> The word needs to be an actual word, they get 1 point for each letter, 3 extra points if the word is a palindrome and 2 if it's almost a palindrome. I'd obviously have a view where user can type in their word, an API route towards the controller, and from the controller I'd make a Word object to validate the word. I understand the way views and controllers work, and while I could place the entire points system directly inside of a controller that's not the MVC way and that's pretty much how I've been taught to program. Would such logic belong inside of an Entity?

Ah, cool! I'd clarify if they want an API endpoint or not. This can also be built with Symfony's form component. Just two different approaches.

If you have time, I'd watch our "Symfony 5 Fundamentals" tutorial - specifically the parts about services. Services are classes that "do work". So, if you find that you have a bunch of "work" being done in a controller (like calculating a score), then that is a good candidate to pull out into a service - e.g. a `WordScorer` service, which has a public function where you can pass it the "submitted word" and it returns the integer score. In this case, you may or may not need a Word class... just because... what would it hold beyond the string "word" that was submitted? Put the scoring logic into a "service" - that's the "Symfony" way :).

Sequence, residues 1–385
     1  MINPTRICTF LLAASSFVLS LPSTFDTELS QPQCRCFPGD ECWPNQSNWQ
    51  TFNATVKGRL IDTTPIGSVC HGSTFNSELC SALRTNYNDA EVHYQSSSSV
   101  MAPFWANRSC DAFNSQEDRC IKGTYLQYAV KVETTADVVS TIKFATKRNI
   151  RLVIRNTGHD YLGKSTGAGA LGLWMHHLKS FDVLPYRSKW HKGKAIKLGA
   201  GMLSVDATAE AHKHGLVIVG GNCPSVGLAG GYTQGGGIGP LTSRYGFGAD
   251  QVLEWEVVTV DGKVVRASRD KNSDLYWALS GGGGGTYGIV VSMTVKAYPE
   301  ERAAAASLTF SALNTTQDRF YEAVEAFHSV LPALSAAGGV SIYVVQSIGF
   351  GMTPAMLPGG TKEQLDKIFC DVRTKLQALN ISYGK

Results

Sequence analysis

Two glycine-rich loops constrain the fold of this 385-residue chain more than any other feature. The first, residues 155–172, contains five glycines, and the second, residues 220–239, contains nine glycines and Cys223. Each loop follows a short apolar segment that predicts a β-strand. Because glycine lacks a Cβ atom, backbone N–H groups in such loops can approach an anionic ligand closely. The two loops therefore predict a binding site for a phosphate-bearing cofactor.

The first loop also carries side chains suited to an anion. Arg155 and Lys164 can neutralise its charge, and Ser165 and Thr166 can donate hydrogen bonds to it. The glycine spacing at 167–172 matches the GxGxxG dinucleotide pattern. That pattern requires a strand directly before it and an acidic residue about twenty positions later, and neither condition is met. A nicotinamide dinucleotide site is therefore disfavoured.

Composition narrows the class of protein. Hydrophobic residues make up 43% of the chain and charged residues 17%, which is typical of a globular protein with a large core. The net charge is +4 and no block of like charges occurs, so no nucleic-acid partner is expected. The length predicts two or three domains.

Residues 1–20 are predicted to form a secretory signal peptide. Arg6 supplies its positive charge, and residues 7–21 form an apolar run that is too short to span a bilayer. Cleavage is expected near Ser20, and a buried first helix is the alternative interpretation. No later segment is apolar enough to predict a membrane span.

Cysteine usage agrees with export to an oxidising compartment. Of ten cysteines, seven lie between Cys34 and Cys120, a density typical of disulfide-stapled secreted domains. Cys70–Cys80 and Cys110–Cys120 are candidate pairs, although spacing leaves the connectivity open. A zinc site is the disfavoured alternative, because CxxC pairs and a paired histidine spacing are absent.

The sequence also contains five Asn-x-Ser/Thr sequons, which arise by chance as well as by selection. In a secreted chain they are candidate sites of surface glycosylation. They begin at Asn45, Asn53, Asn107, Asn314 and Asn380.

Cheers!

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Santosh kalwar Avatar
Santosh kalwar Avatar Santosh kalwar | posted 5 months ago

What is this "infoUrlValue?" and why we have to use that instead of "infoUrl"

1 Reply

Hey Appketo,

That is "Stimulus Values" concept. Please, rewatch this video one more time if you didn't get it. But in short, you are able to pass some values from the template to the Stimulus controller via something called "values". But to get a passed Stimulus Value you need to add the "Value" prefix to it, e.g. like in this case with infoUrlValue, i.e. this.infoUrlValue.

So, you just need to get used to this "Stimulus syntax", it's standartized thing by it.

I hope it clarifies things a bit more for you!

Cheers!

Reply